Saturday, August 2, 2008

Kenya Police find vital information on terror suspects

Part of the wreckage after the bomb blast in Nairobi on August 7, 1998. Photos/FILE 

By DAVID OKWEMBAH

On January 12, 2007, two men and three women sent word to Kenyan authorities at Hulugho on the Kenya-Somalia border that they wanted to surrender.

The drab town that had been teeming with soldiers, police and members of the Anti-Terrorism Police Unit (ATPU) looking for al-Qaeda suspects was suddenly on high alert.

The security forces thought they had finally smoked out Fazul Abdullah Mohammed, the principal target of a US raid on Ras Kamboni forest on Somali side of the border.

US aircraft struck Ras Kamboni forest after intelligence reports indicated that Fazul and al-Qaeda cell members supporting the Islamic Courts Union (ICU) were hiding there.

But rather than finding Fazul, one of the world’s most wanted terrorism suspects, the forces discovered that one of the women in the group that turned itself in was his wife, Mariam Ali Mohammed.

The group included two other women, two men and eight children who had taken refuge in Kolobio village on the Kenyan side of the Kenya-Somalia border soon after US aircraft bombed the al-Qaeda base in Ras Kambonion January 7, 2007.

Daring raid

Civilians living in the area were forced to flee after the raid, but Ethiopian forces were on high alert, waiting to capture al-Qaeda suspects.

The safest recourse for most residents of the village was to cross into Kenya.

But the then Internal Security minister John Michuki had ordered the porous Kenya-Somalia border closed and stationed soldiers from the 1st, 7th and 15th Kenya Rifles at the key entry points of Amuma, Liboi and Hulugho.

With the increased security and Ethiopian soldiers on the prowl, the group of 13 had to rely on forest cover and darkness for two days to be able to cross into Kenya.

Frightened and desperate, the two men in the group, Osman Yasin Buh alias Osman Yasin Ahmed and Ahmed Hadala Osman, asked villagers to contact the Kenyan security officers and send word that they wanted to surrender.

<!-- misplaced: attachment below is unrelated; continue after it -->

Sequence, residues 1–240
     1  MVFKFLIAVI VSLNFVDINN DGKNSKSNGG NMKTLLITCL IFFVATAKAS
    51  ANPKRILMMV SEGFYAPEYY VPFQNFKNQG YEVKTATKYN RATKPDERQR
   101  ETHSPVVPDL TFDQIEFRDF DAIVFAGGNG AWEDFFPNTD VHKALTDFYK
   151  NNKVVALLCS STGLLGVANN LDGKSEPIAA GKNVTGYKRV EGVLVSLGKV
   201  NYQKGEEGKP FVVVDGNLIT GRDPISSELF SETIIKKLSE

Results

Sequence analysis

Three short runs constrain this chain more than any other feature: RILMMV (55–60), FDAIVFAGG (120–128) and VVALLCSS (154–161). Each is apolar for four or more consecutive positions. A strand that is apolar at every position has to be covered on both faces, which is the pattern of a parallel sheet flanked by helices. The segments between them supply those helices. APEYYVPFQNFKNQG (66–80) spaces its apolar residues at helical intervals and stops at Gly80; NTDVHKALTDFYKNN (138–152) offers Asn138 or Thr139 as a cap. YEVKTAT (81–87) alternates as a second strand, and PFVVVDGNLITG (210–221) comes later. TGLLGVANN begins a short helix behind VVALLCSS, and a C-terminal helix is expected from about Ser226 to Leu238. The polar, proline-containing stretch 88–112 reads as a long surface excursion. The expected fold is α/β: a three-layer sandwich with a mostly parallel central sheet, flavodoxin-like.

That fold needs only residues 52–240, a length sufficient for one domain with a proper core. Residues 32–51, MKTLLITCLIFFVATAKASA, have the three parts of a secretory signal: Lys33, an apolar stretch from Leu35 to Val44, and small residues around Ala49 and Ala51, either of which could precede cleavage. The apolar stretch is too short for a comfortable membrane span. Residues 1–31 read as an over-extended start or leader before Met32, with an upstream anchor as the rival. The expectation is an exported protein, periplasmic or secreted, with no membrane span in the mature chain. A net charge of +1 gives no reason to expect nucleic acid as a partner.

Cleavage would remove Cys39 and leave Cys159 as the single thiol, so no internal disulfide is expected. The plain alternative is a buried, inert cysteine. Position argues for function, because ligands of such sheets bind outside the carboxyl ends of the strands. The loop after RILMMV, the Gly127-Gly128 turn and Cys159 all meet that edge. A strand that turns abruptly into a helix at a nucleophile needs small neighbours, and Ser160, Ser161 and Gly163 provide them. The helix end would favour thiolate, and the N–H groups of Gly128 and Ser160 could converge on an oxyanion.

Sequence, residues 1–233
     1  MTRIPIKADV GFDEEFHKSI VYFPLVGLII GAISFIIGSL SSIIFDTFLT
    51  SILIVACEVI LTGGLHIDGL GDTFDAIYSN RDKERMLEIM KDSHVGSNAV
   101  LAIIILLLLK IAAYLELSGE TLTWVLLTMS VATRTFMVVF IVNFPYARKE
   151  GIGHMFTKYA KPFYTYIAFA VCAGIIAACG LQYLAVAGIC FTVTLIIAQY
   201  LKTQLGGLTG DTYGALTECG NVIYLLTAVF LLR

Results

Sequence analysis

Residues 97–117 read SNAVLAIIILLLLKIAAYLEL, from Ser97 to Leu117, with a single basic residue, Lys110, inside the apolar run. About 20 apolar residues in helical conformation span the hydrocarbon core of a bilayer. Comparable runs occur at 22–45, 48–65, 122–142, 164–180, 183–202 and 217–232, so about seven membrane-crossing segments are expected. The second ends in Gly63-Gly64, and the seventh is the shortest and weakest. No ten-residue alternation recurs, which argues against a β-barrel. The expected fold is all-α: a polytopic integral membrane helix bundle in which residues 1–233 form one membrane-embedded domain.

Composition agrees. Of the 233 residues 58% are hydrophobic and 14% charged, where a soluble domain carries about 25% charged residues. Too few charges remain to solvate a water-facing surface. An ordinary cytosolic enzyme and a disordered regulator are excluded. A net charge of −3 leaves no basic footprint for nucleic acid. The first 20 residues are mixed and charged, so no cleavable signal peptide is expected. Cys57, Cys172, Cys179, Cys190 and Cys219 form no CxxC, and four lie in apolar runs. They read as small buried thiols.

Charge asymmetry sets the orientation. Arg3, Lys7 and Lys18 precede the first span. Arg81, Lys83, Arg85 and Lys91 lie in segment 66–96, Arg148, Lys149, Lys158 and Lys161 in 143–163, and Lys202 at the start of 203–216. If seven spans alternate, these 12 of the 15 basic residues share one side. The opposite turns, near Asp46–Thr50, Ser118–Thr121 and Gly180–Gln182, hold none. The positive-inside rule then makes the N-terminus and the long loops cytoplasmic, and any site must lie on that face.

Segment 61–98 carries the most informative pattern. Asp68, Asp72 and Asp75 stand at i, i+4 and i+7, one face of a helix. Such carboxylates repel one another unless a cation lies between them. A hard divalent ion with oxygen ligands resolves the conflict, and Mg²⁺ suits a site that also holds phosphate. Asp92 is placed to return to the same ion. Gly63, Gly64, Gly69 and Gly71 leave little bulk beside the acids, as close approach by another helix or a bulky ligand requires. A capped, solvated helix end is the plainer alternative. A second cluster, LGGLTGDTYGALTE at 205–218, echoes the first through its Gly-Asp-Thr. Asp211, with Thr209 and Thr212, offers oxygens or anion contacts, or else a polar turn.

The operation to receive this group of suspected al-Qaeda members was led by the then deputy provincial police officer, Mr Mbijjiwe.

Security around the Hulugho police station, where members of the Langata-based 7th Kenya Rifles had pitched camp, was quickly beefed up, ATPU officers summoned a helicopter from Garissa. and members of the public were kept at bay.

A team was organised to meet the group of 13 at their hideout.

More surprised

Because they had expected to find masterminds of the al-Qaeda Somalia cell, the team was very surprised to find Fazul’s wife and his eight children aged from eight months to 12 years.

The two other women were identified as Sofia Abdinassir, 20, and Mulki Abdinassir Omar, 21.

Although the raid did not result in the capture of Fazul, it did produce his wife and children--and a laptop, five mobile phones, a Somali and a Swedish passport and a DVD with Islamic information in Arabic.

It also confirmed that one of the world’s most wanted terrorism suspects had not been very far from the scene of the raid. The two passports each carried the photo of a bearded Yasin Buh, but each had different names.

While Yasin Buh could not communicate in English or Kiswahili, Hadala Osman, 23, claimed he was a Kenyan who had lived in Somalia for the last five years and has been visiting his wife when fighting broke out.

He said he had no documents on him but claimed to be a resident of Juja Road estate in Nairobi. Yasin Buh, on the other hand, was at pains to explain to Kenyan security officers why he had shaved his beard.

Secure place

While police tried to find out where Fazul was, ATPU officers bundled the group into a heliicopter that flew them to Garissa where they were held for a few hours under tight security before being taken to Nairobi where police booked the men at the Gigiri police station while the women and children were taken to Karen police station.

Fazul is said to be a computer whizz and an accomplished bomb-builder.

At the time, police only revealed that the “computer contained vital information on terrorism training and intelligence collecting including spying”.

Sources close to the ATPU told the Sunday Nation that they found telephone numbers for people around the world as well as email addresses that enabled anti-terrorisim officers to carry out raids in Nairobi’s Eastleigh estate and in Old Town, Mombasa.

The sources said further information mined from the laptops and the mobile phones led to the arrest last year of wanted terrorism suspect Mohammed Abdulmalik. He has been transferred to the US prison facility at Guantanamo Bay, Cuba.

It is also believed that the information led to the arrests of other suspects, some of whom were transferred to Ethiopia. Police spokesman Eric Kiraithe would not say what ATPU officers found in the laptop and five phones.

“All I can tell you is that we are winning the war against terror,” Mr Kiraithe said when interviewed on the telephone.

Osman Yasin Buh and Ahmed Hadala Osman were transferred to Ethiopia. After rigorous questioning, Fazul’s wife, Miriam, was deported to Somalia.

From there she made her way to Moroni in the Comoros Islands. Fazul Abdullah Mohammed was born in the Comoros and is believed to have many wives. Badroudine Fazul is the name of another.

advertisement